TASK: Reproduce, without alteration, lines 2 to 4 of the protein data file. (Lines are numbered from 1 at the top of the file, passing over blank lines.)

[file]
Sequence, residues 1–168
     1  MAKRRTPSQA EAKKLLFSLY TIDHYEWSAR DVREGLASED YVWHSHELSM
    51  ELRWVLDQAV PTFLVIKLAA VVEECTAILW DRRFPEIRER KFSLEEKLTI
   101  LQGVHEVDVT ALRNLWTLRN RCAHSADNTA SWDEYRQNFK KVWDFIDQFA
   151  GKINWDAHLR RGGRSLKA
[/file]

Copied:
     1  MAKRRTPSQA EAKKLLFSLY TIDHYEWSAR DVREGLASED YVWHSHELSM
    51  ELRWVLDQAV PTFLVIKLAA VVEECTAILW DRRFPEIRER KFSLEEKLTI
   101  LQGVHEVDVT ALRNLWTLRN RCAHSADNTA SWDEYRQNFK KVWDFIDQFA